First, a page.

The latest budget bombshell is impacting many towns across the state.
Portland’s first selectwoman, and residents, all agree that the state needs a budget, and fast.
It's been a month and a half since the start of the fiscal year, and Connecticut still doesn't have a budget.
On Friday, Gov. Dannel Malloy announced changes to his budget executive order, shifting money to school districts he claims need it more, than others.
"We're upset, we're angry, this needs to be resolved and this needs to be resolved yesterday,” said Portland First Selectwoman Susan Bransfield.
Some cities and towns all across the state will not be getting the funds they expected.
Some of the hardest hit are Stratford, West Hartford, Southington, Enfield, Torrington, and Wallingford, which are each down around $20 million.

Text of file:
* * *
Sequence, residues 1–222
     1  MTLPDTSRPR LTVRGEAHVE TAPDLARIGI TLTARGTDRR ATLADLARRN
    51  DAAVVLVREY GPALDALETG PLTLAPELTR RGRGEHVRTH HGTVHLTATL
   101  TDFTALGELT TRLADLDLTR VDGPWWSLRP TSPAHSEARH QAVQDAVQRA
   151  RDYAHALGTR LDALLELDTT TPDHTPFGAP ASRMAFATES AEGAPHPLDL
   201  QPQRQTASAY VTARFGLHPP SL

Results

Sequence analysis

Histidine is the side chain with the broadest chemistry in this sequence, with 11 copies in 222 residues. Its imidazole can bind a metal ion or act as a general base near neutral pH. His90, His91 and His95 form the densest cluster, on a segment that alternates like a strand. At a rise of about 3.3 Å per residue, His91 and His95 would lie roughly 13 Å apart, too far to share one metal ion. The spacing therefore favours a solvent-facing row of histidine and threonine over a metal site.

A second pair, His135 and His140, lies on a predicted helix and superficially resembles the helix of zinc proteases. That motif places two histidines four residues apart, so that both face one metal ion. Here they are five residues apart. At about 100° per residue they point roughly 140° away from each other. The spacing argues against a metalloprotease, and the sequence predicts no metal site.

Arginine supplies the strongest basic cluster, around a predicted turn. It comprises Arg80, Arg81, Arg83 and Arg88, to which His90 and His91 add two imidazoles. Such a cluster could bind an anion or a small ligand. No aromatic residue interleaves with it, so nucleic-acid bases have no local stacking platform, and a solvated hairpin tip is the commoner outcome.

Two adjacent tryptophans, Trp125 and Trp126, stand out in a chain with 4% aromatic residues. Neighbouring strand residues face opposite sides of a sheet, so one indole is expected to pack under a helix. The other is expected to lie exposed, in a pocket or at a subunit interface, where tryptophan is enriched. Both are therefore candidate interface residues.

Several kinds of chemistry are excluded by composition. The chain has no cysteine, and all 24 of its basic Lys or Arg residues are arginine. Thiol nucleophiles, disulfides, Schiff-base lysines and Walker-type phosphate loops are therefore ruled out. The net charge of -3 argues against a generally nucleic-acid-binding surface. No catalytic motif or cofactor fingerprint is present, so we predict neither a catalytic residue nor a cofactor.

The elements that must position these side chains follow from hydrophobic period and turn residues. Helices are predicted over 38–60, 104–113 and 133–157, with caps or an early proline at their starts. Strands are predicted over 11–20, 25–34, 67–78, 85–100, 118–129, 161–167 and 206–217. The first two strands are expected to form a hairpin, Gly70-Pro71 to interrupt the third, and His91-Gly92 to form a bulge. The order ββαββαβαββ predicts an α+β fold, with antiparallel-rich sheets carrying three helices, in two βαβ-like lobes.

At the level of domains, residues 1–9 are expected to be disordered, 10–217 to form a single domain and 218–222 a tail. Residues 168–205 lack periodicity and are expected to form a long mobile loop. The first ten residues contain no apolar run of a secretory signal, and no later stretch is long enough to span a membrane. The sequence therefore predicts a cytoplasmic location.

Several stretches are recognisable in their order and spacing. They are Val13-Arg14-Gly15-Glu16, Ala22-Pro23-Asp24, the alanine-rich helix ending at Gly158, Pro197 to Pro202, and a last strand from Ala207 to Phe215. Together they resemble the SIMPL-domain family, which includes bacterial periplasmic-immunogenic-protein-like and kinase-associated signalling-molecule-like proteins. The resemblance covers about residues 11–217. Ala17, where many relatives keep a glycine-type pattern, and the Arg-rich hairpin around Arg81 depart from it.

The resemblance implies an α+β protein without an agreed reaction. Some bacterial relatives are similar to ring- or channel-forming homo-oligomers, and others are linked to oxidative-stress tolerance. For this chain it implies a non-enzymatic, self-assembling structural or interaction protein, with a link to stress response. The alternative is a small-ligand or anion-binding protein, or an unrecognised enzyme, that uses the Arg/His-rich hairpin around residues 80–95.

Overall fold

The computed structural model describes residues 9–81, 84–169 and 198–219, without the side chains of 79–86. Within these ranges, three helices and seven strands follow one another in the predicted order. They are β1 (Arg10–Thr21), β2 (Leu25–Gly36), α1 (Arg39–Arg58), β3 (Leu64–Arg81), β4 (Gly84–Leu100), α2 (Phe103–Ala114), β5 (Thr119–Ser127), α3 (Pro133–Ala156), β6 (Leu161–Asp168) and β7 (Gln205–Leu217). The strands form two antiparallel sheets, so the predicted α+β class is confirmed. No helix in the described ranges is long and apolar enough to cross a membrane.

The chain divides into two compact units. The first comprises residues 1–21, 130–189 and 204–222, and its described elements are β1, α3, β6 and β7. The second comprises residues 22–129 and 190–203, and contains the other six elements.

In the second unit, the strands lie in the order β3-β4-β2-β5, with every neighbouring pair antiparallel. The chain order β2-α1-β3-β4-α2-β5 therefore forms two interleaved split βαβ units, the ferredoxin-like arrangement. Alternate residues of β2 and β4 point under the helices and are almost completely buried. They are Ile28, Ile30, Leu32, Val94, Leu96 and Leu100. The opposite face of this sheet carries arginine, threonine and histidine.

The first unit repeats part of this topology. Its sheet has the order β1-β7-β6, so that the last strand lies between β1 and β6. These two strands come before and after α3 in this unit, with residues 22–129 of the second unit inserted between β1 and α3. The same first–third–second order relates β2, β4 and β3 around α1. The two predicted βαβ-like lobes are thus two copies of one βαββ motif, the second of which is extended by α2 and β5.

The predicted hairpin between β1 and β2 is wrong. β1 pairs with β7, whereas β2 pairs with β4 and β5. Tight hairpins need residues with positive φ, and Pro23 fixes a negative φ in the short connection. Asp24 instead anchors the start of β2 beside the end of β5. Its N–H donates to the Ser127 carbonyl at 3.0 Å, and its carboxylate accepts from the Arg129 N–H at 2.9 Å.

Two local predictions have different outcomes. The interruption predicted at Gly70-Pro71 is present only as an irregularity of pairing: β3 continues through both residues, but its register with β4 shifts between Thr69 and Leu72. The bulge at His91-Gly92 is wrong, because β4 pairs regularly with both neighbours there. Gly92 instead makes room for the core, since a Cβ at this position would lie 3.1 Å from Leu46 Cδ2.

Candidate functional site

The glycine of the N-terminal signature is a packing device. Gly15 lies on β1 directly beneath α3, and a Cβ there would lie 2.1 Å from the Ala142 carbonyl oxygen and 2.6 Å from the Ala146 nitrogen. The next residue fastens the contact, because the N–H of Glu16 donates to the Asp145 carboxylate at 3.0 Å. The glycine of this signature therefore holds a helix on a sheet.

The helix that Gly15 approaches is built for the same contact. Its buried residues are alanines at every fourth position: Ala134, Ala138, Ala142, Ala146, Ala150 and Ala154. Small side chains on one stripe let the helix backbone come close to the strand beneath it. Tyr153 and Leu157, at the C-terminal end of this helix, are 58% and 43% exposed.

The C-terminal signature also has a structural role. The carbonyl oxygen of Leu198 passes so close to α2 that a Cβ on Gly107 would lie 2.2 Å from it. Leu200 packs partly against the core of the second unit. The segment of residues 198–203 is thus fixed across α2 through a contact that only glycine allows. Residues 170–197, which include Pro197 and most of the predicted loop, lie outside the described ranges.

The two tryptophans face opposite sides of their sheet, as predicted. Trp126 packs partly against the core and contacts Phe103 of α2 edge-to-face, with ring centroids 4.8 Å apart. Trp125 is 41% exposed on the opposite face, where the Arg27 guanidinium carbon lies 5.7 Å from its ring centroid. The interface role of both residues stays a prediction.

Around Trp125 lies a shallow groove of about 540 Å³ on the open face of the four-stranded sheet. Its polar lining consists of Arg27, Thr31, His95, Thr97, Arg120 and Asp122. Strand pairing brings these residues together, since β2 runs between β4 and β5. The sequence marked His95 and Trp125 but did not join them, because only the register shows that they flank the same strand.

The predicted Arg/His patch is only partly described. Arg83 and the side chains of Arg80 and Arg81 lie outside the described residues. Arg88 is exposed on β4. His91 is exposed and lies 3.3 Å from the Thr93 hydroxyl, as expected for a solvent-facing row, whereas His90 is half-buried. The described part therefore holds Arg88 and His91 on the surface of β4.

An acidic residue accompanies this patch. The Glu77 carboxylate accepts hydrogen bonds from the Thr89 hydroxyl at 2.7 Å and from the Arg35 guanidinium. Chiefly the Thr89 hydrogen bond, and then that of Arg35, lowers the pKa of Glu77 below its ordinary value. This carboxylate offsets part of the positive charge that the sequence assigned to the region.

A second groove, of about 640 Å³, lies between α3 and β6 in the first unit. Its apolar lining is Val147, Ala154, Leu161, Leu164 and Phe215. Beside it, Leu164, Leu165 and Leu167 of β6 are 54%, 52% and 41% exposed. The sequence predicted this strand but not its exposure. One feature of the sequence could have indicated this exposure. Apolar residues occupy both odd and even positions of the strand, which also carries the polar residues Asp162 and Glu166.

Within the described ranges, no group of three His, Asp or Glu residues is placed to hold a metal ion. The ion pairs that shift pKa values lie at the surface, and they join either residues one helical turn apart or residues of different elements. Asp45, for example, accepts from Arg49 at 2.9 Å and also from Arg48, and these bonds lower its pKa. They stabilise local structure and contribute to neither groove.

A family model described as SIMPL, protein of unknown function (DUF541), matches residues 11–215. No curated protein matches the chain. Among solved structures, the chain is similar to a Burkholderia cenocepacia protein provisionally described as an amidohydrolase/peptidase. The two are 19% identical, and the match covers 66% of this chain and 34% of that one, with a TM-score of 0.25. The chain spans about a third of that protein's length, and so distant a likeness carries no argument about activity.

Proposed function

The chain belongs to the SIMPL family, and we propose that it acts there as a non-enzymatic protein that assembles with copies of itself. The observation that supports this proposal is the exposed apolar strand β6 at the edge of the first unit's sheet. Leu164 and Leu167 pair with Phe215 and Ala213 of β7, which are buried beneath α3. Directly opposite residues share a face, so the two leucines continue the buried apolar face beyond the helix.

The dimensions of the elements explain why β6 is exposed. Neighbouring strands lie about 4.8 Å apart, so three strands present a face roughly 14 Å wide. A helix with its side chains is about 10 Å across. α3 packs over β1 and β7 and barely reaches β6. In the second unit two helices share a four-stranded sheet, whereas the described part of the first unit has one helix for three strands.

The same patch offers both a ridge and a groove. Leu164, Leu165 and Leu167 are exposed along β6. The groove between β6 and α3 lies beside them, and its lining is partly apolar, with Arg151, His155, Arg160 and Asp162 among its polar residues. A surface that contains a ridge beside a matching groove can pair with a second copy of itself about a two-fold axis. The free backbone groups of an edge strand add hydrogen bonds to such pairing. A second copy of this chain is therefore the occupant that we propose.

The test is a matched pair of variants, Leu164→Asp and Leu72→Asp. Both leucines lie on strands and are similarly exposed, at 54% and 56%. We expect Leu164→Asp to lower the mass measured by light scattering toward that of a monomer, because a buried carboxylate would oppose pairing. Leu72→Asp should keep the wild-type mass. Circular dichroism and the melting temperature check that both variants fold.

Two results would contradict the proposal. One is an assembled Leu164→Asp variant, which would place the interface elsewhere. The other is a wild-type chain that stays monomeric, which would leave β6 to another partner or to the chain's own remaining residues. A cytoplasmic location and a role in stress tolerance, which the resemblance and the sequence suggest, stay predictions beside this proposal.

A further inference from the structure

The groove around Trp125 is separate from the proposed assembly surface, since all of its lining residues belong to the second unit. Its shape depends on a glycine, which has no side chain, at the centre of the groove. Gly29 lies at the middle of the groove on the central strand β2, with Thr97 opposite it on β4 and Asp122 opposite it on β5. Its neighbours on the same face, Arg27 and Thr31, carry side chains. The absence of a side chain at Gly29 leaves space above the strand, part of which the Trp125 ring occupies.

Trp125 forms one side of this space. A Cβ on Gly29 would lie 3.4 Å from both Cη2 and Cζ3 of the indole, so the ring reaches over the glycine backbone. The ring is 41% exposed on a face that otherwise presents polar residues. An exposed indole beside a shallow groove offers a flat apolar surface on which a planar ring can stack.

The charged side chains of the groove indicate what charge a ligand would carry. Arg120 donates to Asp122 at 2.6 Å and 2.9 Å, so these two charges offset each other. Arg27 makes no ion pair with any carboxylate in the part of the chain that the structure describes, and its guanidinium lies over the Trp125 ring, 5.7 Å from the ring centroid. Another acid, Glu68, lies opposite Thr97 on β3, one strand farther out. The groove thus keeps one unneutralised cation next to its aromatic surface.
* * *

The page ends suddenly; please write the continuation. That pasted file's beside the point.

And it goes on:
Malloy called this decision a difficult one.
"It means very bad news. It means local property taxes will bear the ring of the problems that the state has had for many years and haven't resolved,” Bransfield said. "Some of the towns will get 100 percent of what they predicted to get for this last fiscal year, and approximately 54 towns will get a reduced amount. But to get nothing in education cost sharing, it can't happen."
She's now calling on the governor, the house, and the senate to come together and come up with a budget, once and for all.
"It's time they step up to the plate, they give us a budget, and they give us a sustainable plan to get Connecticut back on track,” Bransfield said.
She added that she plans to get together with local leaders and residents in other municipalities to figure out ways to get out of this tough spot they're now in.
For more details on what was announced on Friday, click here.
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